Al Byrne’s Radio Bile

Look, I'm tired. I Google-Imaged "Self-Indulgent".

You’ll forgive me if I wallow in a little self-indulgence this week – a new job and, more importantly, lethargy have prevented me from bothering to care about most music-related matters this week, outside of reminding myself quite how brilliant The Hold Steady truly are. If you don’t own any of their records, it’s important that you go buy one right now. In fact, buy all of them. They’re lovely.

Two music matters that I was forced to care about this week: my review of Sweethead’s album, which went up yesterday, and the power of my words. I know that sounds horribly self-deluded, but come on, I’m a music critic: it’s fair to say that as a group, music critics are 45% ego, 45% English degree, and 10% hair. And anyway, I was made to consider the negative power of my words, so it was actually quite a harrowing experience, thank you very much. Let’s cut to the chase: I made a crap band cry. With a review on this very website.

As proud as I am of that – because I’m a bastard, obviously – I can’t help but wonder if the band in question (oh, let’s call them The Wedding Tuxedos) were being a mite oversensitive. You see, apparently, bad reviews don’t matter so much compared to good ones. According to this record label roundtable discussion – hosted by the ever-wonderful Carrie Brownstein, of the dearly-departed Sleater-Kinney, and fed into my eyes courtesy of the uncanny wordsmith Kieron Gillen, of Rock, Paper, Shotgun – a high mark from Pitchfork is more beneficial than a bad score is damaging.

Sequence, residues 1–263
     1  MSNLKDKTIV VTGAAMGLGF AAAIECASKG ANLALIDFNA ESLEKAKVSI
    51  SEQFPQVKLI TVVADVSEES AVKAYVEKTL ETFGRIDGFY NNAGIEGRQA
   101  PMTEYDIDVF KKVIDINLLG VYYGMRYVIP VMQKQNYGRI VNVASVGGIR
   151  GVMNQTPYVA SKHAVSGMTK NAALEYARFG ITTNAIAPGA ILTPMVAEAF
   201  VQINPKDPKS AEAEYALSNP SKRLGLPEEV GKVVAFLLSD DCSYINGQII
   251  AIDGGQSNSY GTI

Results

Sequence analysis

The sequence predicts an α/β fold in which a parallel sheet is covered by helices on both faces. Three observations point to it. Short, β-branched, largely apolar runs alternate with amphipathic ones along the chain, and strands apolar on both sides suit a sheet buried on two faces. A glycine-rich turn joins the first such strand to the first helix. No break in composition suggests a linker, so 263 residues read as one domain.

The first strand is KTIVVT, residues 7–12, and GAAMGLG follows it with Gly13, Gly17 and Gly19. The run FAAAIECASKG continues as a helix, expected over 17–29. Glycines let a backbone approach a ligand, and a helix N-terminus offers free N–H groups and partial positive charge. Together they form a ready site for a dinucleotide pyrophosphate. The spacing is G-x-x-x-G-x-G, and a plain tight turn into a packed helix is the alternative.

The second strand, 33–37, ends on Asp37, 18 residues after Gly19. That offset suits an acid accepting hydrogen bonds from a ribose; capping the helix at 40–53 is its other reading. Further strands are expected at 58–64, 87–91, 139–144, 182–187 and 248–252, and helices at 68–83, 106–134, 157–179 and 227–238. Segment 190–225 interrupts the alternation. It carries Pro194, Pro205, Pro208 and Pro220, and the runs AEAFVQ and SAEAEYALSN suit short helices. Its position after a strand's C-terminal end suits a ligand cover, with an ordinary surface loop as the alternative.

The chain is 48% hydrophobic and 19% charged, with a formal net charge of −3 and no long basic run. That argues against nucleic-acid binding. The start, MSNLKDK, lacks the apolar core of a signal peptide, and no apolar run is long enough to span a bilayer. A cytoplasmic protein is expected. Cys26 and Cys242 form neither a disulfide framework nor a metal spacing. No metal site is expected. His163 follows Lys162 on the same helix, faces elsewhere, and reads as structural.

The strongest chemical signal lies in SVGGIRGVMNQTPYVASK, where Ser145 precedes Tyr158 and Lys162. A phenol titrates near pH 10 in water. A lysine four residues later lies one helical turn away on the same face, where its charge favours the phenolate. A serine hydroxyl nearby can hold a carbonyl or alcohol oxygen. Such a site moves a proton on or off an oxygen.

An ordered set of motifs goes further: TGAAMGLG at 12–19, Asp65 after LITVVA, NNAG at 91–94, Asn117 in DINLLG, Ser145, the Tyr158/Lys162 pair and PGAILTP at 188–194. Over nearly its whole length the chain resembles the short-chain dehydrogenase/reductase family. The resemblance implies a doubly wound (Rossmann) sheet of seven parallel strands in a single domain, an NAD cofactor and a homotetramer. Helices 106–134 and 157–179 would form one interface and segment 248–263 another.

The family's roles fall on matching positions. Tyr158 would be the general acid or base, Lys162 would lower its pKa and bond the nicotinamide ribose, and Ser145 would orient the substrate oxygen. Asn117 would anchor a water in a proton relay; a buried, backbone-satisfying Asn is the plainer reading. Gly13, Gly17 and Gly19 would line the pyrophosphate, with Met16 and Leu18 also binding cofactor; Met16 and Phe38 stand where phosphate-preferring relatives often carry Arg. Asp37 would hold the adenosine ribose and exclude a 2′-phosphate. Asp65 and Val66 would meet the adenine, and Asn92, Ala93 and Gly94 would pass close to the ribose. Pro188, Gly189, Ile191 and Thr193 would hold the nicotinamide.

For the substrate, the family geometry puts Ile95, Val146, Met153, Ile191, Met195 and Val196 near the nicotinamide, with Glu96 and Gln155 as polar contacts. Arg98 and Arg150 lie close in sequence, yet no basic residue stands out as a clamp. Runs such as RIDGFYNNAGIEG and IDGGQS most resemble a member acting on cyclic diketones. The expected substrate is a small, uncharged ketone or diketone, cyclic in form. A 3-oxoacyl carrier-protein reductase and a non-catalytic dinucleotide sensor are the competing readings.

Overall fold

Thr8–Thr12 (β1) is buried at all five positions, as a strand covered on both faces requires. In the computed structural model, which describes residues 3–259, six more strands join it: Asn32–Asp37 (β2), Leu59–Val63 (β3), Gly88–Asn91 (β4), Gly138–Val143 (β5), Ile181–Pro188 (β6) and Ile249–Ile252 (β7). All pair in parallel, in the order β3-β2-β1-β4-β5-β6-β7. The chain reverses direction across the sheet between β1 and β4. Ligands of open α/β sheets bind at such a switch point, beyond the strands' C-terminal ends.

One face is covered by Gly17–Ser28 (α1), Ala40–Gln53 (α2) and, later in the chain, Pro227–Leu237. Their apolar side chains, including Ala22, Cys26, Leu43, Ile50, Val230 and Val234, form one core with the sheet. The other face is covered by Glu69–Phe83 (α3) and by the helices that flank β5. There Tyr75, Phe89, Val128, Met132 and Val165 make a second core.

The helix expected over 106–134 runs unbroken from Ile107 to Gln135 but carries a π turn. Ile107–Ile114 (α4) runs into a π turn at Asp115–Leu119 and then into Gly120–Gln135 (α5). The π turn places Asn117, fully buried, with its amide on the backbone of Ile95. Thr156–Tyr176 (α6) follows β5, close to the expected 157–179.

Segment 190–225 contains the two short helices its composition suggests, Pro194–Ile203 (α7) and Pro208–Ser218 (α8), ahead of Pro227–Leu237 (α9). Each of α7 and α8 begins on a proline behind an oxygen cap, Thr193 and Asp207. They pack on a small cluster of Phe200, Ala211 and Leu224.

This, presumably, is because most ads are going to feature a 9/10 review that smears greasy, sticky praise all over the album rather than the 2/10 review that condemns it with the pithy slogan “Well, it’s rubbish, innit?”

They even reiterate the old point about a review score making the reader less likely to devote any more than three seconds to skimming the text. They see that 5/10 that I gave Sweethead and move right on, shamelessly ignoring my clever joke about constables. Even worse, score-averaging organs like Metacritic mean that most people don’t even consider individual review scores anymore, instead judging the average critical reaction – the digital equivalent of a teacher asking for a show of hands.

All of which leaves the pathetic reviewing slobs like me halfway-obsolete, all 700 words or so of tripe that I generally squeeze into a review left unread while a robot adds the score at the top of the page to a pile of other, similar scores, and feeds it into a miniature version of The Matrix, where people can log in to download their opinions and/or outrage directly into their Apple iBrains.

Actually, now I’m the one overreacting. Because, while record labels might not care too much about negative reviews, the great dribbling public certainly does. They don’t even like midly positive reviews – only slathering adulation will do when it comes to a band that they like. They actually read the text and everything. Or, at least, they try to: the comments section of my Aiden review features one reader who, rather unusually, mistakes Ed Gein for a 15 year old girl, before instructing me to kill myself. I’m sure most reviewers can relate to that. I’ve had people insist that I sing Britney Spears songs in the shower, simply because I don’t like Nickelback; they’ve accused me of threatening Chris Cornell and his family, when all I really did was rightly declare Scream a malignant turd; I’m sure some readers would probably testify under oath that I murdered JFK if they could cook up a convincing story. But hey, horrifically stupid as people might be, at least they’re reading the review, rather than just looking at the score, right?

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